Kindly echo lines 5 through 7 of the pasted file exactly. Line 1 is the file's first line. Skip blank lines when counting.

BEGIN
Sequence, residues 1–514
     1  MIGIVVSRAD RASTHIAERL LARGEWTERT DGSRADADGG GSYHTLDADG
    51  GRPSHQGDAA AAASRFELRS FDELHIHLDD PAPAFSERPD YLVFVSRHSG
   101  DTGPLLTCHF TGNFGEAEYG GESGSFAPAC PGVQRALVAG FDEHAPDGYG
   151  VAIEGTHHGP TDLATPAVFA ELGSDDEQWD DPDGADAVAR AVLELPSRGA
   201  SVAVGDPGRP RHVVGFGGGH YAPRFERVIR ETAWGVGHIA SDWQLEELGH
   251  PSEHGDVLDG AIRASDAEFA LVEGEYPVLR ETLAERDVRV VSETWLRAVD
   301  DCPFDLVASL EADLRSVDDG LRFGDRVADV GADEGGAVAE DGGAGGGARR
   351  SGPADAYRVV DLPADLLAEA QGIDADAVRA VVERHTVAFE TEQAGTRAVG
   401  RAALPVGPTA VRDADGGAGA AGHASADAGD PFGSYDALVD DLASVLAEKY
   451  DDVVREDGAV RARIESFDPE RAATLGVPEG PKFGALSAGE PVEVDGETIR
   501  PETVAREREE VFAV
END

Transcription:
   151  VAIEGTHHGP TDLATPAVFA ELGSDDEQWD DPDGADAVAR AVLELPSRGA
   201  SVAVGDPGRP RHVVGFGGGH YAPRFERVIR ETAWGVGHIA SDWQLEELGH
   251  PSEHGDVLDG AIRASDAEFA LVEGEYPVLR ETLAERDVRV VSETWLRAVD